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There are hundreds of little situations that we can consciously work with our children on. Role play together. Many of these will be learned from watching you in daily life, but there are always times when specific instruction is desirable.

Here are some ideas:

  • How to address an adult (Mr and Mrs Last Name until given permission to use first name; ma’am or sir if the name is unknown. Not ‘hey’, ‘lady’, or ‘guy’)
  • Giving directions
  • How to give a firm hand shake
  • How to apologize
  • How to borrow, and return things in better condition. What to do if something is broken while borrowed.
  • How to handle ‘gas’ in polite company (your own or someone else’s)
  • Inappropriate touch
  • Protecting others (from bullying, from danger, etc)
  • What to do if a friend is hurt while playing
  • Sitting and standing tall
  • Accepting a compliment
  • Giving a compliment
  • Playing with friends who don’t know each other (including both of them, not ignoring one so he/she feels left out)
  • How to handle a bully
  • Changing the subject politely
  • Not pointing out others’ poor manners
  • Introducing people (introduce the most important person first)
  • What to do if you forget someone’s name (hint: not ‘hey, you!’)
  • Interacting with a group
  • Placing a telephone call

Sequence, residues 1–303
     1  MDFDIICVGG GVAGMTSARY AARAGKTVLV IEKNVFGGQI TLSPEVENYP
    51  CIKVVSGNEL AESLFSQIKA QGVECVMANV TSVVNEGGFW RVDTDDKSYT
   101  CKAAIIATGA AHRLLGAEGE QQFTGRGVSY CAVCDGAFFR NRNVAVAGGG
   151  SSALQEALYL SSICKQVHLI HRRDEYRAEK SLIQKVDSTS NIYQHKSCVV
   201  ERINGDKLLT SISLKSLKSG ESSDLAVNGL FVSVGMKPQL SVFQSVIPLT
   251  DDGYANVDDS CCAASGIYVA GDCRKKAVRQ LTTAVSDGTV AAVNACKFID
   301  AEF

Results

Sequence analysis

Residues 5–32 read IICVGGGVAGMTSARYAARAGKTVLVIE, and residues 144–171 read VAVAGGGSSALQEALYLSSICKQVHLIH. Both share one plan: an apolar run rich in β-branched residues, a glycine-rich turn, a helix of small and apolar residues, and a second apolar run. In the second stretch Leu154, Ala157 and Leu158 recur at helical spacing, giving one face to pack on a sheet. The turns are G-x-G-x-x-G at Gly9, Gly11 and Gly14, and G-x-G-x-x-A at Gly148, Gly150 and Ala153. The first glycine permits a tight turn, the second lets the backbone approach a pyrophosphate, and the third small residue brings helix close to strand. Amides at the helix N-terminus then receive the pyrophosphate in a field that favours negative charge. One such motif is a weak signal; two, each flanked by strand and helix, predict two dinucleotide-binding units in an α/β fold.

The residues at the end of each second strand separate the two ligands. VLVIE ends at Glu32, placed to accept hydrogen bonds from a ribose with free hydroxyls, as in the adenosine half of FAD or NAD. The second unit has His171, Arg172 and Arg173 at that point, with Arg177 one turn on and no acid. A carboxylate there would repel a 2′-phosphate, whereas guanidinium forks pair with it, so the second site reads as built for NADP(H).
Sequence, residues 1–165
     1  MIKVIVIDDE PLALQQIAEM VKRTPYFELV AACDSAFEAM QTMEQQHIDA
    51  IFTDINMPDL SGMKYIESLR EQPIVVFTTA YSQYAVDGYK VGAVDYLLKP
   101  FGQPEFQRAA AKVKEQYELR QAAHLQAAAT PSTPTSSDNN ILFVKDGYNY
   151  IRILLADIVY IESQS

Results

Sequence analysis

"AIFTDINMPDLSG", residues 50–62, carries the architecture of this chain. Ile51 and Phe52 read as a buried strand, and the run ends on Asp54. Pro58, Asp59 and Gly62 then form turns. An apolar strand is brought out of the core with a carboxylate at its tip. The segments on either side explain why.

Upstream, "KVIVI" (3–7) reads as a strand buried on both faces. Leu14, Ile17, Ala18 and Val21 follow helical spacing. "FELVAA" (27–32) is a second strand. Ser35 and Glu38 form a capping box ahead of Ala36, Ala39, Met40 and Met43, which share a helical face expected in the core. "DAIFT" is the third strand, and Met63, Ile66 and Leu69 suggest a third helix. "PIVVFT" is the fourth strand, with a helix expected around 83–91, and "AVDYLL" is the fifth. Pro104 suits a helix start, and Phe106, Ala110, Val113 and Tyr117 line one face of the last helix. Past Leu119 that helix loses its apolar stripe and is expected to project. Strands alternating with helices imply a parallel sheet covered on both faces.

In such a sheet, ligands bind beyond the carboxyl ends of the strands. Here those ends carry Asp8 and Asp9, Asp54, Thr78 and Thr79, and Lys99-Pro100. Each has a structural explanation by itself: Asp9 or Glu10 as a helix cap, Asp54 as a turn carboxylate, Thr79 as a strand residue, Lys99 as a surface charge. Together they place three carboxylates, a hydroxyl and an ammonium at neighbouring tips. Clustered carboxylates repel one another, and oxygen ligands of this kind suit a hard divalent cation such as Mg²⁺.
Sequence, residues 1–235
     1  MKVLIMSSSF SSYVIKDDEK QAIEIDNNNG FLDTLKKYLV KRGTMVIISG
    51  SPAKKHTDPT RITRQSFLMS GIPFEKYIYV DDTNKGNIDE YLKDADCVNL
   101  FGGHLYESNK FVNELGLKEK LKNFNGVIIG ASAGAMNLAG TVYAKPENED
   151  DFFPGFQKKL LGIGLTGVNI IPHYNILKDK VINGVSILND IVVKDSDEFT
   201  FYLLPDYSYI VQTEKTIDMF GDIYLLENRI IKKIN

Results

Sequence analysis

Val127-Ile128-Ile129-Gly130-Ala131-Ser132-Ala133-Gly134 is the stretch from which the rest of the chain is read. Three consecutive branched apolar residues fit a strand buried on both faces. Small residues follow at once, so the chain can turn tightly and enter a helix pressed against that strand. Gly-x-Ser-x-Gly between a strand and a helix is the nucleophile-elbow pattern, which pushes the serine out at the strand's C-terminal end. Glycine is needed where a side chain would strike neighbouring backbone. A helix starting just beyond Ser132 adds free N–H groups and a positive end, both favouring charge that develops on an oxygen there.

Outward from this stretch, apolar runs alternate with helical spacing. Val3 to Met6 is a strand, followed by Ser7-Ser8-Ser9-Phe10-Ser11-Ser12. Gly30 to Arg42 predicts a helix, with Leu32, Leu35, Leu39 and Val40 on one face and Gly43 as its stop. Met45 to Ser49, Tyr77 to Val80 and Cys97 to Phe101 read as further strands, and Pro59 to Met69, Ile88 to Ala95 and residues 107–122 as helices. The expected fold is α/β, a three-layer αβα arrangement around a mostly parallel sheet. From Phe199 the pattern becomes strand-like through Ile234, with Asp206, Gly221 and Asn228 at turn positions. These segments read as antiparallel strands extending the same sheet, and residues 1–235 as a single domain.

• Taking a message
  • Ending a call or a visit
  • Answering none-of-your-business questions
  • What to do if you don’t like a dish served at home, at a friend’s, or at a restaurant
  • Table manners
  • How to treat a salesperson
  • How to handle verbal invitations (“Thank you so much for inviting me.  I’ll need to check with my parents first” and making sure the other child’s parent is aware an invitation was extended)
  • Declining an invitation politely
  • Accepting unsolicited gifts from non-family members (not related to an event like a birthday, but an out-of-the-blue gift.  This can be a sticky situation for teens, in particular, especially when one is looking at the other romantically)
  • Being a good winner and loser (not gloating or sulking)
  • Relating to people with disabilities
  • Receiving gifts of differing values, and receiving several at once (as at a birthday) of which some are better liked than others
  • Making eye contact
  • Bathroom etiquette (a polite person does not hear noises from the bathroom, or smell odors therein)
  • Answering the door to strangers
  • Holding the door for someone
  • Interacting with police officers